May 12, 2005 at 7:07 am #1216148
Besides Nunatuk, are there other companies selling down quilts?
I’m looking into replacing an older 600 down sleeping bag (over 2 lbs) for summer use. I’d be interested in trying a quilt, but only if I can find one that beats or meets the WM Highlite in price and weight with similar loft.
Nunatak’s Arc Ghost costs ~$80 more than the WM Highlite.
ThanksMay 12, 2005 at 7:32 am #1337261
I don’t know about other down quilts – they all seem to be pretty expensive anyway – but fanatic fringe says that they make a synthetic quilt with an insulated footbox that weights 1lb 6.5oz and is good down to around 30 degrees (2″ of single-sided loft) for $190 – it doesn’t seem to be quite what you’re looking for, but it is a fair amount less expensive:
I don’t know anything about the quilt, I just found it online, but it’s about $40 cheaper than the highlite and probably over $100 cheaper than the nunatak arc ghost.May 12, 2005 at 8:23 am #1337263
@garkjrLocale: Southwestern Ohio
I noticed, at http://www.backcountrygear.com, that Western Mountaineering offers a “Cloud 9 Comforter.” The advertising spiel is something like “people said they wished we made a quilt in the same quality as our ultralight bags, so here it is, for your bed, in twin, queen, and full sizes” – no specific recommendation that it’s trailworthy, but it does carry a 40-degree temperature rating, and it is an 850+ down fill construction. Don’t know if this is what you’re looking for or not, since I still use a bag, but thought it might help.May 12, 2005 at 8:33 am #1337264
Mark VerberBPL Member
@verberLocale: San Francisco Bay Area
JacksRBetter also makes some nice looking quilts. Fanatic Fringe makes synthetic quilts. Speer Hammocks makes a number of quilts as well as an interesting bag which surrounds a hammock called the PeaPod. The Down Works in Santa Cruz will custom make a quilt for you. If you don’t mind a bit of sewing you could buy a thru-hiker.com or Ray-Way kit.May 12, 2005 at 8:48 pm #1337283
I’ve sewn both a Ray-Way Quilt and the Down Quilt Kit from AYCE’s thru-hiker.com site. Ray’s design is really as easy a DIY as you can get: extremely clear and easy to follow; very step-by-step. The thru-hiker kit was pretty easy to follow, but a few times I found myself scratching my noggin’ perplexed about what exactly to do next. I overstuffed mine to a loft of approx. 3.5″, attached underside webbing straps and a zippered footbox so that it would lay completely flat on warm nights. It weighs 22 ounces.May 13, 2005 at 8:49 am #1337284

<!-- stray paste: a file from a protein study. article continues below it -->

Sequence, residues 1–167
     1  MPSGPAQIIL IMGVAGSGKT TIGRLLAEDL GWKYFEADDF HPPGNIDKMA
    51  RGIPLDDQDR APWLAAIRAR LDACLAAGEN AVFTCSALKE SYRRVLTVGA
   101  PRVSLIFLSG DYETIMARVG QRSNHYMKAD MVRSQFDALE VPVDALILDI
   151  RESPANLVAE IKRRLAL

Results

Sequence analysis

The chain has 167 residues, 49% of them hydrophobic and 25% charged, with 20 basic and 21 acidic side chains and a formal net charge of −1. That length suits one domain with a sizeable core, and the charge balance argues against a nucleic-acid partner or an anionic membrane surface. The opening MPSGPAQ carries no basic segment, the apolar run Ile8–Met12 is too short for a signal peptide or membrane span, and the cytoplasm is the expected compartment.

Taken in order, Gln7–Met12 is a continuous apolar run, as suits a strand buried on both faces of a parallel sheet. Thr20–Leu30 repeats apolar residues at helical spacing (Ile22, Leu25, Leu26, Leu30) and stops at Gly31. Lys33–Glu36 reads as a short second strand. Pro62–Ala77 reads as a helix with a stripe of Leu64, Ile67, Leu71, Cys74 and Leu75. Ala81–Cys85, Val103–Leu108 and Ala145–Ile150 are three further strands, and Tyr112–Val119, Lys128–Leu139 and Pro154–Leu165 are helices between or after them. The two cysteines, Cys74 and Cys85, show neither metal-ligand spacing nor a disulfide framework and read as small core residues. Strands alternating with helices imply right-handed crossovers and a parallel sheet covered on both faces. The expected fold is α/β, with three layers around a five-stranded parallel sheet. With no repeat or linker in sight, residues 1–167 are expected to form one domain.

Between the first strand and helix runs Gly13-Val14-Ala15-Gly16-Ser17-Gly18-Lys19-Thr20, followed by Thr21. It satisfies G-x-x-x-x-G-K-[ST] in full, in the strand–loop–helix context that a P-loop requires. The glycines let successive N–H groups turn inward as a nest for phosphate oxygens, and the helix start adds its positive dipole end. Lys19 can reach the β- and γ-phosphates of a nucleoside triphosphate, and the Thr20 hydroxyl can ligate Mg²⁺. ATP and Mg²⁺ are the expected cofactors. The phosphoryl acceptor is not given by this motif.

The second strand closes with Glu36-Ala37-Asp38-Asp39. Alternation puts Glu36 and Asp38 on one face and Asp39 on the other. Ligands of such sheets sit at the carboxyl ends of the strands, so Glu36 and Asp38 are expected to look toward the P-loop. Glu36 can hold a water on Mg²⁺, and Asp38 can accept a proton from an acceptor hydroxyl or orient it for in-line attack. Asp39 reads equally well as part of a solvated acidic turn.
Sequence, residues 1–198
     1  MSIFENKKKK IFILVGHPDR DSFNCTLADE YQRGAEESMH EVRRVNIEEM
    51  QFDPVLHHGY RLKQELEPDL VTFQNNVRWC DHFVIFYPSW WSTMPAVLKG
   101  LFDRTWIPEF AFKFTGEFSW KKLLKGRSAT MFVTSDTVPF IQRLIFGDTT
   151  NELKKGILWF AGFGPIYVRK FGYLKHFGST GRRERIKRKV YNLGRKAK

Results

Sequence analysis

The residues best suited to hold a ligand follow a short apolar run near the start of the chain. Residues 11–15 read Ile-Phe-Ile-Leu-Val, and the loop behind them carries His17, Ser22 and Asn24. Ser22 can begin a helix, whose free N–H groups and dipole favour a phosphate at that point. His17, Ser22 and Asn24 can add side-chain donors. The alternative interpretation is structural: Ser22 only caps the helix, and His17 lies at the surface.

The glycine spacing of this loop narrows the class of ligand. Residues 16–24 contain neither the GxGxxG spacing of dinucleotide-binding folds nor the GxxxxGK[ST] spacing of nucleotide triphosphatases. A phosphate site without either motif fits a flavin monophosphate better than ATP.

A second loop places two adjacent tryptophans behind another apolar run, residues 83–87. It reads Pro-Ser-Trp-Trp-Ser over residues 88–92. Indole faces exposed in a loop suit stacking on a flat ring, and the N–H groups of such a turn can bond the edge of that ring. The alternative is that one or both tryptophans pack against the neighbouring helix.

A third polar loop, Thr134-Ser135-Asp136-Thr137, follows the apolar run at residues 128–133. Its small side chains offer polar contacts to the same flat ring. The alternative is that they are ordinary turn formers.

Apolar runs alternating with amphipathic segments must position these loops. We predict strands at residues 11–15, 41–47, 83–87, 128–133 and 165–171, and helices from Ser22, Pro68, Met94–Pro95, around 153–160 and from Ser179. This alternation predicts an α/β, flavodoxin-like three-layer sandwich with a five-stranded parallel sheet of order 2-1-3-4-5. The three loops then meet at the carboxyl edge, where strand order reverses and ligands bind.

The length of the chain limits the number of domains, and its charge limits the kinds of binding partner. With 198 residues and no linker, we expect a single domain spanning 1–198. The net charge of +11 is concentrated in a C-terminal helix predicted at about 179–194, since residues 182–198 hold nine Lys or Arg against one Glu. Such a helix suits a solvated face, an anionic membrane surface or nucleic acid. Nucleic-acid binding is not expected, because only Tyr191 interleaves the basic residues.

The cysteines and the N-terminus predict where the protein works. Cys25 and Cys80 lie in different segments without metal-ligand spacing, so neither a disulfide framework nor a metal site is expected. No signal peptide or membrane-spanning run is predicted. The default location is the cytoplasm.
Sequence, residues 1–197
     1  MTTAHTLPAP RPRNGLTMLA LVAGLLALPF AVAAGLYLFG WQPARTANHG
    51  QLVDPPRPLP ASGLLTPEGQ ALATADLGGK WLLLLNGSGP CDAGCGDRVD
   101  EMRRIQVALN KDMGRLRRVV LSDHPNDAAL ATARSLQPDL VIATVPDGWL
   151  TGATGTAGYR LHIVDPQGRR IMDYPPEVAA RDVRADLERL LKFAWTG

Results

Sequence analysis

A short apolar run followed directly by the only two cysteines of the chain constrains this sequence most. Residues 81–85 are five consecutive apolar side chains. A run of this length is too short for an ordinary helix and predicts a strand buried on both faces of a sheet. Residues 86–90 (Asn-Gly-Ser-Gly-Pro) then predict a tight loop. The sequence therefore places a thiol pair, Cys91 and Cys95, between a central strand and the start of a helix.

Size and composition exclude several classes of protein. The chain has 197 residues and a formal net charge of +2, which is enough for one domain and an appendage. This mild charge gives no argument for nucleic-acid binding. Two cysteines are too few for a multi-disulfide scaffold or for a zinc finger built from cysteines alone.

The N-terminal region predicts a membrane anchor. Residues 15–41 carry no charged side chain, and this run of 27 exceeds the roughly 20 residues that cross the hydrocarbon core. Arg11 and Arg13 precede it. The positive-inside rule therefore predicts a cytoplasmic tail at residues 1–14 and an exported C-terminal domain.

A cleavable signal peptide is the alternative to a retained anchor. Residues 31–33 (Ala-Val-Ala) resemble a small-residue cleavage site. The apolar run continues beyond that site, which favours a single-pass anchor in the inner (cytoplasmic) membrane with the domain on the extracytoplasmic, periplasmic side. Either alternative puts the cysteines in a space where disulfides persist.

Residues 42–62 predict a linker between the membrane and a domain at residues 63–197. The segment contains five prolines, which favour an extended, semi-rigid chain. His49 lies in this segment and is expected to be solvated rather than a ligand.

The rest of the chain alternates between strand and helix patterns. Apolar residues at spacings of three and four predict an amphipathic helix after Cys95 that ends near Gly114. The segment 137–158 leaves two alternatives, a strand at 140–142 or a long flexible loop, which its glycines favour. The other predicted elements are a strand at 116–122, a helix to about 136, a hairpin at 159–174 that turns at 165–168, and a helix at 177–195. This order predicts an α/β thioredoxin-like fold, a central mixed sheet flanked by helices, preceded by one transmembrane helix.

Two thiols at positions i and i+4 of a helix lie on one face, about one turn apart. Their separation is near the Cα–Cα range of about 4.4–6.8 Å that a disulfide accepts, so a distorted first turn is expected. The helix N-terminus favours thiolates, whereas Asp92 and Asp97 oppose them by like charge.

@jcarter1Locale: Pacific Northwest
That’s exactly what I did a few weeks ago, except I used velcro and buttons instead of a zipper and have 3″ loft. Man am I glad I didn’t mess with a footbox! Just took it out at 30 deg F damp weather and was toasty all night!May 14, 2005 at 4:51 pm #1337292
Kevin LaneBPL Member
Check out the sale page on montbell.com For their down and synthetic bags. I am by no means a gear collector, but at the price these are listed for it is hard to resistMay 14, 2005 at 8:27 pm #1337294
Im VERY impressed with MontBells bags… and your right, the sale they have going on some items is a great score!May 21, 2005 at 10:21 pm #1337451
I guess it happens to every person but, how do i choose between so many great products? ive narrowed my list down to about half of the amount it was before but im having real troubles deciding which bag to go with. I’ll put them down in the order of which one i think is best and why. if anyone could add some more info on which one i should go with and answer any questions a i have along the way it would be much appreciated.
sierra designs wicked fast. about $200, 18oz. i like this bag because its a top down only. i like top down bags mainly because i live in australia. its not that im afraid of snakes and spiders and what have you (im a biologist) but i just dont want them in my bag with me. the question i have is is there fill on the sides? because i can imagine that the sides of the bag dont quite touch the ground and thus there would be parts without fill on the sides, ie cold spots.
Rab Quantum Top bag. $200 14oz. Another top bag. the only reason i have the sierra designs above this bag is because they are harder to find. the same question applies here is ther dead space on the sides?
fanatic fringe quilt. $190 22.5oz. i like this bag but i think that possibly it is designed like a flat quilt with a foot box. this may be a good thing but im not sure and i cant find any reference to it. i like that it is synthetic but if i was to buy a BMW cocoon in the future it would most likely be my safety piece and i wouldnt need synthetic fill.
ray way quilt. $150 with extrafill to 32F. weight unknown. the only problem i have with this is that i dont know how much it will weigh with the extra fill. its a good option though.
nunatak ghost. 17oz. $300. nice bag but a little too pricey. hey how bout i boost it 950+ and pay about another $700.
like i said feedback is always welcome. at the moment its really between the SD, Rab and rayway. they all seem so good. its just so darn hard to choose which one. also in my system i will be using a BMW cocoon and a spinnaker/quantum homemade bivy.May 24, 2005 at 9:56 pm #1337532
JacksRBetter (www.jacksrbetter.com) has down quilts…May 25, 2005 at 8:39 am #1337556
Well, since I started the thread, I’ll let you know why I was interested in a quilt.
My original thinking was that I could find a good quality quilt w/ similar loft to the WM Highlite for lower price & weight (thinking removing the hood and some stitching, bottom, etc). However, the only lighter weight quilts I can locate are more expensive.